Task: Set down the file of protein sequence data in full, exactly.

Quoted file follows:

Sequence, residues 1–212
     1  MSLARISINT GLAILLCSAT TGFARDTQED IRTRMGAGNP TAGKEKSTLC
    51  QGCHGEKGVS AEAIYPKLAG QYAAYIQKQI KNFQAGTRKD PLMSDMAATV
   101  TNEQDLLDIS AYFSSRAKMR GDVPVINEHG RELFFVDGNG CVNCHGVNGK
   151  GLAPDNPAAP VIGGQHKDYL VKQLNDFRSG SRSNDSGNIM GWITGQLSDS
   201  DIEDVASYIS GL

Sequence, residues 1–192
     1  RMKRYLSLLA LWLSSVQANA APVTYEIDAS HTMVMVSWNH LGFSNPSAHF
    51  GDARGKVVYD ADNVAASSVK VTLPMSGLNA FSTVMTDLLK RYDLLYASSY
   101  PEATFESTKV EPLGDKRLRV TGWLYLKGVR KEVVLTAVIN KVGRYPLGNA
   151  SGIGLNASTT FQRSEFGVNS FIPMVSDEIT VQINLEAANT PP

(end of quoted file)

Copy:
Sequence, residues 1–212
     1  MSLARISINT GLAILLCSAT TGFARDTQED IRTRMGAGNP TAGKEKSTLC
    51  QGCHGEKGVS AEAIYPKLAG QYAAYIQKQI KNFQAGTRKD PLMSDMAATV
   101  TNEQDLLDIS AYFSSRAKMR GDVPVINEHG RELFFVDGNG CVNCHGVNGK
   151  GLAPDNPAAP VIGGQHKDYL VKQLNDFRSG SRSNDSGNIM GWITGQLSDS
   201  DIEDVASYIS GL

Sequence, residues 1–192
     1  RMKRYLSLLA LWLSSVQANA APVTYEIDAS HTMVMVSWNH LGFSNPSAHF
    51  GDARGKVVYD ADNVAASSVK VTLPMSGLNA FSTVMTDLLK RYDLLYASSY
   101  PEATFESTKV EPLGDKRLRV TGWLYLKGVR KEVVLTAVIN KVGRYPLGNA
   151  SGIGLNASTT FQRSEFGVNS FIPMVSDEIT VQINLEAANT PP